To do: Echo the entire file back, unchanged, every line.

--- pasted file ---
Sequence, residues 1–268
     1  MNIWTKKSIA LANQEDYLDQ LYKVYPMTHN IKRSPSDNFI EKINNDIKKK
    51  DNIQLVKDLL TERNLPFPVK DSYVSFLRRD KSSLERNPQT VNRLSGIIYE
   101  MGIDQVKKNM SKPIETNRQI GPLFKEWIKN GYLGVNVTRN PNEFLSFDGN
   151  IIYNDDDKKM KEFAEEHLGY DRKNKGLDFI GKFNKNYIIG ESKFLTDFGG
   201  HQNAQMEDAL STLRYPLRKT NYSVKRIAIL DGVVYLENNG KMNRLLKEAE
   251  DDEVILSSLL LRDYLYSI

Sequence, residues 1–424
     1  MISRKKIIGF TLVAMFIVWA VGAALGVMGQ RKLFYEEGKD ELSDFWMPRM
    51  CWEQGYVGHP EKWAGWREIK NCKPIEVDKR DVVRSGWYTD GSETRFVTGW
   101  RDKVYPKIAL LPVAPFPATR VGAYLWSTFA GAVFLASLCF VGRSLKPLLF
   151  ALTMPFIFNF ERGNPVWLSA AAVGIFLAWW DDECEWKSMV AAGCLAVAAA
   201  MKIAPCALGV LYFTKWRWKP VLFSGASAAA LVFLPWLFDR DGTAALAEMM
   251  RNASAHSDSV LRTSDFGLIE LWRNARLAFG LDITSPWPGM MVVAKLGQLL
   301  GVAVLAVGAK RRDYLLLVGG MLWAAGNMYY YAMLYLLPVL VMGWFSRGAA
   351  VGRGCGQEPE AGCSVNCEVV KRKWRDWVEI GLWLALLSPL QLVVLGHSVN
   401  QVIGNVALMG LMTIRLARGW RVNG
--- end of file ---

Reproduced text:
Sequence, residues 1–268
     1  MNIWTKKSIA LANQEDYLDQ LYKVYPMTHN IKRSPSDNFI EKINNDIKKK
    51  DNIQLVKDLL TERNLPFPVK DSYVSFLRRD KSSLERNPQT VNRLSGIIYE
   101  MGIDQVKKNM SKPIETNRQI GPLFKEWIKN GYLGVNVTRN PNEFLSFDGN
   151  IIYNDDDKKM KEFAEEHLGY DRKNKGLDFI GKFNKNYIIG ESKFLTDFGG
   201  HQNAQMEDAL STLRYPLRKT NYSVKRIAIL DGVVYLENNG KMNRLLKEAE
   251  DDEVILSSLL LRDYLYSI

Sequence, residues 1–424
     1  MISRKKIIGF TLVAMFIVWA VGAALGVMGQ RKLFYEEGKD ELSDFWMPRM
    51  CWEQGYVGHP EKWAGWREIK NCKPIEVDKR DVVRSGWYTD GSETRFVTGW
   101  RDKVYPKIAL LPVAPFPATR VGAYLWSTFA GAVFLASLCF VGRSLKPLLF
   151  ALTMPFIFNF ERGNPVWLSA AAVGIFLAWW DDECEWKSMV AAGCLAVAAA
   201  MKIAPCALGV LYFTKWRWKP VLFSGASAAA LVFLPWLFDR DGTAALAEMM
   251  RNASAHSDSV LRTSDFGLIE LWRNARLAFG LDITSPWPGM MVVAKLGQLL
   301  GVAVLAVGAK RRDYLLLVGG MLWAAGNMYY YAMLYLLPVL VMGWFSRGAA
   351  VGRGCGQEPE AGCSVNCEVV KRKWRDWVEI GLWLALLSPL QLVVLGHSVN
   401  QVIGNVALMG LMTIRLARGW RVNG